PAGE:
The shock conclusion of a study 20 years ago indicated that sperm counts had halved. But a closer look at the evidence then and now paints a much more complex story.
Ask someone what they know about men’s sperm counts, and the chances are you will hear that they are dropping. People will probably have plenty of theories as to why this is happening – perhaps because of herbicides, pesticides, or oestrogens in the water from so many women being on the pill. Or there are theories based on lifestyle – for instance, men are taking less exercise, eating more fast food and getting fatter. Some even suggest that wearing tight pants can cause problems.
But is it really true that sperm counts are in free-fall globally? To understand why this perception is so common, we have to go back to a paper published 20 years ago.
Elisabeth Carlsen and her colleagues reviewed 61 studies of semen quality carried out between 1938 and 1990, and their conclusionspublished in the British Medical Journal in 1992 were shocking. In 50 years sperm counts had halved. The authors were open in saying that the data did not indicate whether or not the decline was continuing. But the mass of publicity their findings received left many with the idea that it had been proven beyond doubt – sperm counts are not only falling everywhere, but will continue to do so.
However, there are a number of issues with drawing conclusions about trends from these 61 original studies, and these are worth going through in some detail. Starting with the participants, studies of the sperm count of the average man are supposed to preclude men with fertility problems. But getting volunteers to provide semen samples is not easy, so some subjects might enrol in studies because they are concerned about their sperm count, yet fail to divulge this to the researchers. Different studies use different methods of ensuring that fertility is proven, but if some volunteers suspect they might have low sperm counts this could skew the sample, if you’ll forgive the pun.
There are also other factors that vary from study to study, such as the length of time there has been between the provision of the tested sample and the previous ejaculation. Also, methods of analysing semen samples have changed between 1938 and 1990. The World Health Organisation (WHO) recommends using laboratory techniques that do not rely on an individual making a judgement, but this wasn’t the case for the earlier studies, making it hard to compare them with measurements taken 50 years later. And it is not just the practical techniques that have changed; statistical methods of analysing data have evolved too.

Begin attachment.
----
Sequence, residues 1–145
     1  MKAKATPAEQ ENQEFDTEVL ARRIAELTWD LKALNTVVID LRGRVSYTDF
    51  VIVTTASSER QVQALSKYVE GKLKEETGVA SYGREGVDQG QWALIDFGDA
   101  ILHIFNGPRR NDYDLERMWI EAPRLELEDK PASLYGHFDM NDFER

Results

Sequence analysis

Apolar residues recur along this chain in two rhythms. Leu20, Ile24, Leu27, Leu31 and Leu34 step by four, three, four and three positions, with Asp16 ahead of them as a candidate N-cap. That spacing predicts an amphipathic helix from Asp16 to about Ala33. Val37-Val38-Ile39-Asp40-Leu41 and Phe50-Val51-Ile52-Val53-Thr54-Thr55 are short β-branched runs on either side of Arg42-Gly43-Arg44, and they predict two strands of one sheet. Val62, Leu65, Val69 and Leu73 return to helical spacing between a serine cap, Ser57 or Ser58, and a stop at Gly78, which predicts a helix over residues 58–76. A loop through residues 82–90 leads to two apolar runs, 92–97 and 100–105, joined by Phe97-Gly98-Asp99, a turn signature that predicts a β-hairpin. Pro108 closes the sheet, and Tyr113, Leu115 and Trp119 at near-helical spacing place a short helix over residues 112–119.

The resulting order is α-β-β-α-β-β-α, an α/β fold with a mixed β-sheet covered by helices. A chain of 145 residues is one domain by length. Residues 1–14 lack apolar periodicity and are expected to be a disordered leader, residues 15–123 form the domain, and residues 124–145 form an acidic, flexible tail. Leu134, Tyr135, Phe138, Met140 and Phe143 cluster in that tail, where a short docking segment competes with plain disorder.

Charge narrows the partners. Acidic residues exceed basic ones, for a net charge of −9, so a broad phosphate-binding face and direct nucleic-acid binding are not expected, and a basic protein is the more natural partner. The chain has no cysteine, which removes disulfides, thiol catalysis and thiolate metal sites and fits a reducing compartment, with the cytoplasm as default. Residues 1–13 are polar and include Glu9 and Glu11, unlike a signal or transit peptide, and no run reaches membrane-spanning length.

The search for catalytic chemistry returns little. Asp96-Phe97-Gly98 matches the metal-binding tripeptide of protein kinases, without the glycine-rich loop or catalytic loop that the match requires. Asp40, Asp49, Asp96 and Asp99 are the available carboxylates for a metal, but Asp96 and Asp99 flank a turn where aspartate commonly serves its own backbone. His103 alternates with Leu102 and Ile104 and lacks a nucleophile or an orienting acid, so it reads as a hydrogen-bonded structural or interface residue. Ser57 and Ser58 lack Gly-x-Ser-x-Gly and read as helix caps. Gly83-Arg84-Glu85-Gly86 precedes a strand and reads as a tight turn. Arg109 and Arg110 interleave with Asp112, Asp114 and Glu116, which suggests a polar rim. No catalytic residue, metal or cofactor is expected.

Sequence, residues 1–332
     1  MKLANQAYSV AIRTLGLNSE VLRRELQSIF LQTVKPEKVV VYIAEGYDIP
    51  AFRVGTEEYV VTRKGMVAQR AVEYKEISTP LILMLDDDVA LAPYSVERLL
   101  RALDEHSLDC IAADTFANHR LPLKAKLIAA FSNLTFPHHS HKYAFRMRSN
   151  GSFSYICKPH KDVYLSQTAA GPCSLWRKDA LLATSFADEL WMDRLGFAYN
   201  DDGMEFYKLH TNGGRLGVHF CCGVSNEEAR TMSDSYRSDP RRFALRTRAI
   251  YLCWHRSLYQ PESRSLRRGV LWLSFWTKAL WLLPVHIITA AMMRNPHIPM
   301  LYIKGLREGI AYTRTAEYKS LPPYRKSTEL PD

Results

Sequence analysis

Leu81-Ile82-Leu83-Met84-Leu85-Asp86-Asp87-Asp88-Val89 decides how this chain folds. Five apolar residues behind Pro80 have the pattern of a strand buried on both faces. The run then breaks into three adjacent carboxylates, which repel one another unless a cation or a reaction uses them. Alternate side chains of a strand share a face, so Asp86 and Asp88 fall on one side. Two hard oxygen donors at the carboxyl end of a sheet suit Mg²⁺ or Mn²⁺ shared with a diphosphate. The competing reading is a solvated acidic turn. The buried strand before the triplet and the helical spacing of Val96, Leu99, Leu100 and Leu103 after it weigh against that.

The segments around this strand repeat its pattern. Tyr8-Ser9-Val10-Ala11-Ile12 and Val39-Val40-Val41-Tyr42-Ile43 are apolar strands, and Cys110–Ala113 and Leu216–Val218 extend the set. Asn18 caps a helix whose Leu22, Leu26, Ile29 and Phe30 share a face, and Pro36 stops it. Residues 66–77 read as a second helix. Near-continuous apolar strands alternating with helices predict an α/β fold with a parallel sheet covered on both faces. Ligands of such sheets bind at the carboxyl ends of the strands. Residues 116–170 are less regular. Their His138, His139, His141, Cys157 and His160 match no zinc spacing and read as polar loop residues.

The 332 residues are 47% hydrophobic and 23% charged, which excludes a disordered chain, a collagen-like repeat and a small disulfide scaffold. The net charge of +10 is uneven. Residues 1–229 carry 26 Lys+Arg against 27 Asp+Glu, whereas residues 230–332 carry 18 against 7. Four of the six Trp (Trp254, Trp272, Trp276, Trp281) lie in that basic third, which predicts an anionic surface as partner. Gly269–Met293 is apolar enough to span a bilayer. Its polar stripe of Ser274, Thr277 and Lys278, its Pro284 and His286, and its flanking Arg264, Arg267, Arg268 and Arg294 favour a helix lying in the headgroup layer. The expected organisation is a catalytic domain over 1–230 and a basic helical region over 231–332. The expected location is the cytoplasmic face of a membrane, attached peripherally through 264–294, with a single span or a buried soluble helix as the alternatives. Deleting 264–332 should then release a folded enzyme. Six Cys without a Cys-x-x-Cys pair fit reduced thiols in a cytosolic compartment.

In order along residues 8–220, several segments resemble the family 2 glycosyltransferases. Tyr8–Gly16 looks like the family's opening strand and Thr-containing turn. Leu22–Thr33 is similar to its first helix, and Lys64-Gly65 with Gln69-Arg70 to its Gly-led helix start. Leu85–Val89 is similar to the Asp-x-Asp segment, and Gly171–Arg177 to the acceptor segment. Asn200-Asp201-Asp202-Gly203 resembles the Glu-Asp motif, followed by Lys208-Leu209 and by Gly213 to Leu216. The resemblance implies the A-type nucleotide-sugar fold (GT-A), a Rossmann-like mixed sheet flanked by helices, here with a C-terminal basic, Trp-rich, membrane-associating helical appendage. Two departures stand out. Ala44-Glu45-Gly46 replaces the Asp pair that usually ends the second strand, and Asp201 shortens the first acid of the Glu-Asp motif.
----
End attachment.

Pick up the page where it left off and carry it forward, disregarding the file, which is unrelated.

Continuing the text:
When you look at the set of studies reviewed in the paper in more detail, it seems that although sperm counts do appear to have dropped in some places, they might have risen in others, even in different regions of the same country. In Paris, sperm counts appear to have declined, while they remained stable in another French city, Toulouse.
Many of the original studies were too small to be considered as representative of a population. A re-analysis of the 20 largest studiesfound that the majority had been conducted before 1970 in New York, where sperm counts seemed particularly high. The later studies were from different places, which meant that sperm counts in one geographical location were compared with counts from somewhere different over a different period of time. Once these studies were removed, the picture looked a little different and sperm quality didn’t seem to be in decline. So perhaps the 1992 review was in fact highlighting differences between different regions, rather than differences over time.
Picking apart the studies in this review paper is one thing, but what does the research post-1992 tell us? The picture is mixed, with some studies still showing evidence for a decline in some places and others showing sperm counts have remained stable. To take two examples, a Finnish study published last year found that men born towards the end of the 1980s had lower sperm counts on average than those born at the beginning of the same decade. But Danish research that has been taking semen samples from young men about to begin military service has found no decline in sperm quality in 5,000 volunteers so far.
Geographical location seems to make a difference, but the lack of studies conducted in low-income countries makes it difficult to establish a full picture. A paper published this year highlights the fact that even studies from middle-income countries have rarely included the poorest people.
So, twenty years on from the BMJ paper we cannot say we have a complete picture about sperm counts globally. We can say that sperm counts are declining in some places, and this needs to taken seriously. But from the best evidence it seems this crisis is not happening everywhere. And without new and carefully controlled studies, we are likely to spend many more years in the dark over this issue. It is only by looking carefully at where counts are and are not falling, using the most accurate methods available, that we might find any clue to the cause.